Stomal necrosis

Murken DR, Bleier JIS. Ostomy-Related Complications. Clin Colon Rectal Surg. 2019 May;32(3):176-182.

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“Stomal necrosis has been reported to occur in up to 20% of ostomates in the immediate postoperative period ([Fig. 1]).[3] Specific risk factors for stoma necrosis include emergent operation, inadequate mobilization of the bowel, excessive mesenteric resection resulting in inadequate arterial blood supply to or venous drainage from the bowel, and constriction in the abdominal wall due to excessively small openings in the fascia, abdominal wall mesh, or skin.[10] [20] Importantly, the obese patient is seven times more likely to experience stoma necrosis than the nonobese patient.[21] Stoma necrosis is much less common for loop stomas given the dual blood supply to both the afferent and efferent limbs.”

Kwiatt M, Kawata M. Avoidance and management of stomal complications. Clin Colon Rectal Surg. 2013 Jun;26(2):112-21.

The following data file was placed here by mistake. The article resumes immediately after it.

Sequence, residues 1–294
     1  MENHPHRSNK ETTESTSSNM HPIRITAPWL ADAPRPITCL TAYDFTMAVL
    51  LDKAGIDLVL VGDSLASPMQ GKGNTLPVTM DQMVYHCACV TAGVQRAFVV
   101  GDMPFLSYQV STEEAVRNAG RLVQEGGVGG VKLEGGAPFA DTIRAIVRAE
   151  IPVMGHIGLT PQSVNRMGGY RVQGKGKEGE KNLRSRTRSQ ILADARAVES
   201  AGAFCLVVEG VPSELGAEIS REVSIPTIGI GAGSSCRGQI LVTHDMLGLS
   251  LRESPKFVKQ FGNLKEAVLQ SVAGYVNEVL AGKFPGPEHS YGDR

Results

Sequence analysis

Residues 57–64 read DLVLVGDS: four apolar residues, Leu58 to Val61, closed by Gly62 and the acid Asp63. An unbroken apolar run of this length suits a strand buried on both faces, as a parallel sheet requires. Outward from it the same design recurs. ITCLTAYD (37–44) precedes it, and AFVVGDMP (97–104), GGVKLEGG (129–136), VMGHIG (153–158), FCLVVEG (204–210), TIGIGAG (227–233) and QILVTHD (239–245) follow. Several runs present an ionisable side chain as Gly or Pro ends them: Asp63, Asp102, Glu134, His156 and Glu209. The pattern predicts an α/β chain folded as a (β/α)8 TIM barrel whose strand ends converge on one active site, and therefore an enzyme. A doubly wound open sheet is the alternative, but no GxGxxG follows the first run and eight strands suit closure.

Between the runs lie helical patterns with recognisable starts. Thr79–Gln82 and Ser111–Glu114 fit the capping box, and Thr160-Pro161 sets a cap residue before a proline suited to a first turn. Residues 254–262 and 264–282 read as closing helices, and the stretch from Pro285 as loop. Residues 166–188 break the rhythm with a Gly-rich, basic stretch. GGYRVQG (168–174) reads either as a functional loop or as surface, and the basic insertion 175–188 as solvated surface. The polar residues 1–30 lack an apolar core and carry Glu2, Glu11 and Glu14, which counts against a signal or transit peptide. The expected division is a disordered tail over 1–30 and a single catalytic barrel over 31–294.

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“Excessive trimming of the epiploic fat and the mesentery should be avoided. In general, an end ileostomy will maintain adequate blood supply with dissection of the mesentery for up to 5 cm from the distal end. [53] Collateral flow is maintained through the submucosa of the terminal ileum. Colonic arterial flow is maintained through the marginal artery; at least a 1 cm portion of the colonic mesentery adjacent to the bowel wall should be preserved to maintain patency of the marginal artery. Confirmation of pulsatile flow by digital palpation of the preserved colonic mesentery is recommended and generally ensures viability of the colostomy.”

See also: Krishnamurty DM, et al. Stoma Complications. Clin Colon Rectal Surg. 2017 Jul;30(3):193-200.

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